But the best bang for any local advertiser's buck is absolutely maximizing the value of their listings so that when people go look stuff up - at the bottom of the funnel - the conversion happens in the appropriate way.
Display is more about awareness generation at the top of the funnel. But at the bottom of the funnel is local and listings are the unit that are being consumed.
Yext has built the plumbing to be able to update and manage listings across a network from one spot. This plumbing has never before existed.
How would Coke take advantage of this?
I think Coke would not be a target customer for this because they don't have locations across the country. But a company like The Gap could because they're trying to drive foot traffic, or McDonald's could. So any company that has physical locations, that has listings appearing on Yelp, Bing, etc. - this would be a way for them to make sure that those listings are found.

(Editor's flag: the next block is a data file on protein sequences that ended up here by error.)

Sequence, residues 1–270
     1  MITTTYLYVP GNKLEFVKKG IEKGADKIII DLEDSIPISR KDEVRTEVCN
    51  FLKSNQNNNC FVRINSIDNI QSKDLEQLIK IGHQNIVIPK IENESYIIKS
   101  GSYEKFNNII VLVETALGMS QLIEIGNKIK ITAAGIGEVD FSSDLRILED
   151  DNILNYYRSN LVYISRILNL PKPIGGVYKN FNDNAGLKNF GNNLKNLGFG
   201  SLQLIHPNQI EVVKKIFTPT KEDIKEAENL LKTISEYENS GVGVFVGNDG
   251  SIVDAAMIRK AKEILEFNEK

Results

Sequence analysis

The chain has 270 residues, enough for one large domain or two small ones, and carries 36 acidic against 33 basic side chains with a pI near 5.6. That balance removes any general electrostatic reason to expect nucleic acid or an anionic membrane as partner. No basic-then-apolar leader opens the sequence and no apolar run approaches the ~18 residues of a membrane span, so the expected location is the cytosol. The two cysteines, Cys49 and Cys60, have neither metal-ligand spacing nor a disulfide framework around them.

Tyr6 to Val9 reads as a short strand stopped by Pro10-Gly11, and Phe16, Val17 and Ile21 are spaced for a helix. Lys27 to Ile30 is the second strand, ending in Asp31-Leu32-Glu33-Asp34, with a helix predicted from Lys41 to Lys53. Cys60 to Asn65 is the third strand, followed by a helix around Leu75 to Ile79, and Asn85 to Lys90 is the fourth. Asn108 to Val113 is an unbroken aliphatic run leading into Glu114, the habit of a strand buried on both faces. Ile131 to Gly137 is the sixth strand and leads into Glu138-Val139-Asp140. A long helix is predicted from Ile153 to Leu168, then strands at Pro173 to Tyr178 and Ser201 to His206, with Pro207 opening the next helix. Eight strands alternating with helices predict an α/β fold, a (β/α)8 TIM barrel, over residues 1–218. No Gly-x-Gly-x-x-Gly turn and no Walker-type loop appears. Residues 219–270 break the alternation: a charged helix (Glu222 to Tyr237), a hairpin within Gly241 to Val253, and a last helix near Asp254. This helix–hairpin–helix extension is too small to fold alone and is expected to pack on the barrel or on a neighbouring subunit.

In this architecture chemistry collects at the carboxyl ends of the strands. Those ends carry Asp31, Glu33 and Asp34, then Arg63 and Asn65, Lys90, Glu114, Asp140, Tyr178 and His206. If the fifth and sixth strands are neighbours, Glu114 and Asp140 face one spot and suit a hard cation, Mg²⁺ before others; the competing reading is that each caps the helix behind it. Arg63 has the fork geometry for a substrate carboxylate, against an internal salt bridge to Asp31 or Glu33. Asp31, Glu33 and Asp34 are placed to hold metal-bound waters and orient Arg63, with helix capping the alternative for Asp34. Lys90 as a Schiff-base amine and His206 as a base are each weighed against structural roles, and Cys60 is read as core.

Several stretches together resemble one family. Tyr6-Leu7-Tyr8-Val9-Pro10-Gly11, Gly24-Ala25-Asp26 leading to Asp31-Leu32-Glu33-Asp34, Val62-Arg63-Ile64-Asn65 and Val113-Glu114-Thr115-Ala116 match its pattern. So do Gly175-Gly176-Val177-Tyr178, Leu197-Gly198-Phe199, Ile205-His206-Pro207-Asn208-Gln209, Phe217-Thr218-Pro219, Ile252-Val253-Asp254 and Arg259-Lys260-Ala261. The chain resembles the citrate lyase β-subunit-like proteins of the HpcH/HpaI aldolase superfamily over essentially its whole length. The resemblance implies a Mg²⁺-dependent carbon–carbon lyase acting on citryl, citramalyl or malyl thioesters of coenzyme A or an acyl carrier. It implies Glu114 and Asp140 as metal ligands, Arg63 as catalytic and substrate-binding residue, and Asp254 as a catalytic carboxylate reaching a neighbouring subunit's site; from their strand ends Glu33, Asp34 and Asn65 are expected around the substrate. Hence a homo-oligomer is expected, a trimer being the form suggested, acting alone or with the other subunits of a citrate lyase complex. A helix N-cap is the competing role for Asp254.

It's all from the advertisers. Advertisers pay us per location, on a per‑site basis to manage this. The average price for what we call our premium package ‑ the list price is $400 a year per location. For our platform partners and agency partners, there's a wholesale price.
We don't view it as an ad buy. It's a plumbing system to take advantage of. But the tracking we offer shows you numbers such as clicks and impressions to your profiles. We don't let you put tracked phone numbers in there because the publishers won't allow it.
So how does the Yext platform prove that detailed value that the small business person needs?
I think the first way that we frame up the value proposition is that we're going to help you take care of your listing. Yext gives the SMB the ability to go fix listings in one place which is a huge time savings, and also part of the value proposition.